Detoxing the Myths of Cleanse Diets

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Cleanses and detox diets take many shapes and forms, but are similar in that they claim to remove toxins from the body and cause drastic weight loss. Many people even report high levels of energy and euphoria as well as feeling more spiritual overall. Sounds good, right?

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For someone like me who loves to eat, it's not as easy as it sounds. Typically, a detox diet will incorporate fasting with limited amounts of raw fruits and vegetables and juices. Sometimes the plan will also include using enemas or laxatives to clean out the colon.

Let's tackle the weight loss part first – how does it work? That initial drastic drop on the scale is most often water weight. Carbs stored in the body are packed along with water. When the carbs are broken down and used, the water is removed, too. Motivating, yes. True weight loss, no.

What we're really aiming for is fat loss; when the body doesn't get enough calories over time, it's forced to rely on stored forms of energy, like fat. But during weight loss we also burn muscle. Muscle can serve as a source of energy and also a source for protein if we're not getting enough in the diet.

This is true regardless of how we create that calorie deficit, although it can be prevented by eating enough protein and incorporating strength training.

UnfortunaImage removed.tely, the extreme nature of detox diets ends up working against us. Normally the body does fine if we're only short a few hundred calories. But during periods of fasting, the body goes into starvation mode and dramatically slows metabolism. This makes it harder to lose weight and stimulates muscle breakdown, which is worsened by the fact that detox diets are usually quite low in protein and you're not going to have much energy to spare for exercise.

Overall, less muscle means a slower metabolism and fewer calories burned, making it easier to gain weight when the detox is over. At the same time, weight loss becomes that much more difficult. Although detoxing and cleansing might work in the short-term, the results are fleeting and can lead to a yo-yo dieting cycle.Image removed.

Beyond weight loss, detox diets and cleanses purport to remove toxins. Thus far, detox diets haven't been studied much. Also, the word "toxin" isn't very specific so it's hard to know if they are successful in that regard.

What we do know is that the human body has several mechanisms in place for detoxification. The liver filters blood from the digestive tract before it can be sent out to the rest of the body. The liver also detoxifies substances (such as prescription drugs) by changing them to benign forms. The kidneys also filter the blood. Through this process, wastes are removed and excreted through our urine.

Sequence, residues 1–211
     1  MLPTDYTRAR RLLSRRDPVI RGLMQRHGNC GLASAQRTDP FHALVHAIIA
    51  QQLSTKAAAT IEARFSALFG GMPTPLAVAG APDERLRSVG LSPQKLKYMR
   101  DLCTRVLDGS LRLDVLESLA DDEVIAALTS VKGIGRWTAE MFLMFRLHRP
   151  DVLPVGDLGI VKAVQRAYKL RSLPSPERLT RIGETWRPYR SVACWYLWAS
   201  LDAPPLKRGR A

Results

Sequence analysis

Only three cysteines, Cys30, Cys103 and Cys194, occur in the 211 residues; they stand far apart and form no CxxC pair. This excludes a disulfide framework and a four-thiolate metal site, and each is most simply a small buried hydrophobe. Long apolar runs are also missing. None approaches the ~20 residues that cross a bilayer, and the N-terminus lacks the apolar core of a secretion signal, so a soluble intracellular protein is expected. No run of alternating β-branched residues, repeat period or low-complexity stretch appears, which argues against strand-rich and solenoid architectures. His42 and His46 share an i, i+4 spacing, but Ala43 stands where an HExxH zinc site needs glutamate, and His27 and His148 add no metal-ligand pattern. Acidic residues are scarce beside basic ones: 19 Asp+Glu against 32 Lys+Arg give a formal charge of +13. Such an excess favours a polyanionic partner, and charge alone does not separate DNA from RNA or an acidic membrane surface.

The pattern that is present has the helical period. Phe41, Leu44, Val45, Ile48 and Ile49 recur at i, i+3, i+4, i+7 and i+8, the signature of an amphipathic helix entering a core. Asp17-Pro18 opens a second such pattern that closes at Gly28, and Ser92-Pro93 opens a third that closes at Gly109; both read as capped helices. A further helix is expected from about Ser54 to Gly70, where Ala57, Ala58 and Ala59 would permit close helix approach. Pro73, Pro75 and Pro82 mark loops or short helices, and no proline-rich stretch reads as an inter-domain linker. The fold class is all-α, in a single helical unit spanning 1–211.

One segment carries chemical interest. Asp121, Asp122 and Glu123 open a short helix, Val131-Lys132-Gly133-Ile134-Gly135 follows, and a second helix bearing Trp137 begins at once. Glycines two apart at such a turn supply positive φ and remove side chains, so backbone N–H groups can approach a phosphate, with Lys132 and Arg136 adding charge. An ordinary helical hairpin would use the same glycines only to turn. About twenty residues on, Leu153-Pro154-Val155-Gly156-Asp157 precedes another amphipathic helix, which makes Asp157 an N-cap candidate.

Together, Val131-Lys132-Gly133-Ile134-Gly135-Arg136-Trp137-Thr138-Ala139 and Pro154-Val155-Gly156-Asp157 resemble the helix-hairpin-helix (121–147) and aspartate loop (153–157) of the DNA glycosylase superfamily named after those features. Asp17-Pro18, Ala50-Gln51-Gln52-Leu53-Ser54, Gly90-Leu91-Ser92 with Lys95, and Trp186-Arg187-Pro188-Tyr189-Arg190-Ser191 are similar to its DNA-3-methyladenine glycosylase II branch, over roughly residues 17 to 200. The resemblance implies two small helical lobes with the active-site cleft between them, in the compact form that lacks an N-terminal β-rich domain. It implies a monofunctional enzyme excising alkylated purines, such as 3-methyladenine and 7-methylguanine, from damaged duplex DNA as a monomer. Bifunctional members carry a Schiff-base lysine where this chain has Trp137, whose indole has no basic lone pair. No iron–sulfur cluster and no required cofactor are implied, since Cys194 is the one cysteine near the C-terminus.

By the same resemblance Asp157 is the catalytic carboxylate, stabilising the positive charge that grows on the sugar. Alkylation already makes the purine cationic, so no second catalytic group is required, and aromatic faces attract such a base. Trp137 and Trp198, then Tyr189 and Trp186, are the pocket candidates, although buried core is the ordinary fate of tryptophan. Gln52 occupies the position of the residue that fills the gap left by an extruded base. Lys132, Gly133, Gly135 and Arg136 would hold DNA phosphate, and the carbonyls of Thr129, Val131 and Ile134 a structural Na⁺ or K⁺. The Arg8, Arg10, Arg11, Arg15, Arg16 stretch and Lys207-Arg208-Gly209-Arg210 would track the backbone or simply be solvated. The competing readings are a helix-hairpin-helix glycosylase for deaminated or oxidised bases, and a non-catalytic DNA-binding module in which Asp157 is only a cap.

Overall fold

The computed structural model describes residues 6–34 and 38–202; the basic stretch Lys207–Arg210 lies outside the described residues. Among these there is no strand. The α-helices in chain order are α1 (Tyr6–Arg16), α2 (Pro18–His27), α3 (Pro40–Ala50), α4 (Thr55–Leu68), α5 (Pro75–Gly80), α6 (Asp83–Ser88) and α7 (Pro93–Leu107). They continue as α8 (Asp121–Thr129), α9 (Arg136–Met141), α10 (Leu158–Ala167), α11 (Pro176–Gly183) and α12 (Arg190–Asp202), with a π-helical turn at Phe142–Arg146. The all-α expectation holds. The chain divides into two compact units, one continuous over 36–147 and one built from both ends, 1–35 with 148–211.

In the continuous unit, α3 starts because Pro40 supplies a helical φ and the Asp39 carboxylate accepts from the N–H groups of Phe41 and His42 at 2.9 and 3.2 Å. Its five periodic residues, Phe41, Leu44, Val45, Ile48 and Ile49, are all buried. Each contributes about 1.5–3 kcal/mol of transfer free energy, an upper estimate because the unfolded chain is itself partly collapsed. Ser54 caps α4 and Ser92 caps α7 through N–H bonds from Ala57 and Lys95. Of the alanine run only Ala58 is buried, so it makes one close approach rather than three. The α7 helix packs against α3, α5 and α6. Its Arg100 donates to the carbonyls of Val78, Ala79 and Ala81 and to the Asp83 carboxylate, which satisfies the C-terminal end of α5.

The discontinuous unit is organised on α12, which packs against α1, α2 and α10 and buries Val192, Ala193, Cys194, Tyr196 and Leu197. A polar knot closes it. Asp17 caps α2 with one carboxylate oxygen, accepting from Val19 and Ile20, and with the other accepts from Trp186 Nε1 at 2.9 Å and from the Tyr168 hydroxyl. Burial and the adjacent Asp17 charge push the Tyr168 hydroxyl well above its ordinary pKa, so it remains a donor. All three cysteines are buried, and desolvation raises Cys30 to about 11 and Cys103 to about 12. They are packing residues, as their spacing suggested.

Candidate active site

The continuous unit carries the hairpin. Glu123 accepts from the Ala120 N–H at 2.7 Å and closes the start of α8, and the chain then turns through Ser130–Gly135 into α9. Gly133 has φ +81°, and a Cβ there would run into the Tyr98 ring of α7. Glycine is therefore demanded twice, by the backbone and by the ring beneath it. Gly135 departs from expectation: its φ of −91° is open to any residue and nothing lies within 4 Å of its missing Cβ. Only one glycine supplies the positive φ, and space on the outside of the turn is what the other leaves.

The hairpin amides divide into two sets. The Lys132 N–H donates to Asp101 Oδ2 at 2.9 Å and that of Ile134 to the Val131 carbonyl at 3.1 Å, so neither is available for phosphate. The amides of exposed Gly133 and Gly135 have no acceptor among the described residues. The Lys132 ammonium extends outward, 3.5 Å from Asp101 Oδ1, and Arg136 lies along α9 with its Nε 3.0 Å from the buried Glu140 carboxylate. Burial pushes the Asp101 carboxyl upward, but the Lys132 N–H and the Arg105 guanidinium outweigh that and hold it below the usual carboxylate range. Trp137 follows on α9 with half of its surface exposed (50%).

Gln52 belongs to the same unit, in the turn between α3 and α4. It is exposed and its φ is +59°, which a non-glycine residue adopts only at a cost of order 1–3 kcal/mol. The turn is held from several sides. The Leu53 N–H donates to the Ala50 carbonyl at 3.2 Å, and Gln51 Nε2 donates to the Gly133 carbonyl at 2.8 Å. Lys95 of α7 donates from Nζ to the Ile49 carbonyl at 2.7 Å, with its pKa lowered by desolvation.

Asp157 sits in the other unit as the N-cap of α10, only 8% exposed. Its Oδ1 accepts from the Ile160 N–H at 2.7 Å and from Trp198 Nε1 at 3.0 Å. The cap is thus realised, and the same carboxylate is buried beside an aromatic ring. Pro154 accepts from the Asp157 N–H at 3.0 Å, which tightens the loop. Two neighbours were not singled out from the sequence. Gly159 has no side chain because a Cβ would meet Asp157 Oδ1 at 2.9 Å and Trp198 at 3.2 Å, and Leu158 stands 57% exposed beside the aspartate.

Drinking nothing but juice can certainly empty you out – not because you're stimulating your body to remove toxins but because foods and beverages that are very concentrated in sugar can cause diarrhea.

Of course, a large amount of waste will also be removed when you use enemas and laxatives. Normally, waste would leave in a slower and more regulated fashion, but getting rid of it quickly can give the impression of getting cleansed. This can definitely contribute to feeling light and clean, but you also risk dehydration and electrolyte imbalances.

While I can see how the idea of detoxing could give a sense of control and motivation to someone wanting to "reset" their lifestyle, at this point I think the potential disadvantages far exceed the positives.

If the goal with cleansing is to get rid of things that are unnaturally in the body, it seems to me that the best way to detox would be to do so as naturally as possible. That is, by taking advantage of the body's natural processes to move things along.

Priority #1: Make friends with fiber. Most Americans get about 14 grams per day, falling far short of the recommended 25-30 grams. Add more fiber in the form of fruits, vegetables, whole grain foods, beans, seeds, and legumes. Incorporate fiber gradually to minimize gas and bloating.

Priority #2: Drink plenty of water. No magic formula needed; pay attention to your thirst and the color of your urine (if it's darker than pale yellow, drink up).

Priority #3: Get your body moving with regular exercise. Physical activity stimulates bowel movements.

Not only are these methods tried and true (and backed by research), but I think they're infinitely easier to do than a detox diet.

Besides, a girl's gotta eat, right?

 

Today's post was written by Leia Kedem. Leia Kedem, MS, RD, is a registered dietitian and Nutrition & Wellness Educator covering Champaign, Ford, Iroquois, and Vermilion Counties. She appears weekly on WCIA-3/WCIX-49 and is a biweekly contributor to the Champaign-Urbana News-Gazette. She also maintains Facebook and Twitter accounts where she regularly posts health tips and answers nutrition questions for free.